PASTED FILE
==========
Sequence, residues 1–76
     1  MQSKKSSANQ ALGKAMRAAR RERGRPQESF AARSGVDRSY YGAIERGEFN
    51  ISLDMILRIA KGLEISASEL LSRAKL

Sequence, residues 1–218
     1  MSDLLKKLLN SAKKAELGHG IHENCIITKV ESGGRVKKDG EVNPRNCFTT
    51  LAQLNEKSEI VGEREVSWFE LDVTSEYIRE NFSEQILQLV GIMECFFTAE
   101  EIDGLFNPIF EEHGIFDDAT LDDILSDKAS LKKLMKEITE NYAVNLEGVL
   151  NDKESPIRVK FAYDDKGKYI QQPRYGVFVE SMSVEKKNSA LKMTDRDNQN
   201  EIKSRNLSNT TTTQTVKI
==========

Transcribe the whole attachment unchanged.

Sequence, residues 1–76
     1  MQSKKSSANQ ALGKAMRAAR RERGRPQESF AARSGVDRSY YGAIERGEFN
    51  ISLDMILRIA KGLEISASEL LSRAKL

Sequence, residues 1–218
     1  MSDLLKKLLN SAKKAELGHG IHENCIITKV ESGGRVKKDG EVNPRNCFTT
    51  LAQLNEKSEI VGEREVSWFE LDVTSEYIRE NFSEQILQLV GIMECFFTAE
   101  EIDGLFNPIF EEHGIFDDAT LDDILSDKAS LKKLMKEITE NYAVNLEGVL
   151  NDKESPIRVK FAYDDKGKYI QQPRYGVFVE SMSVEKKNSA LKMTDRDNQN
   201  EIKSRNLSNT TTTQTVKI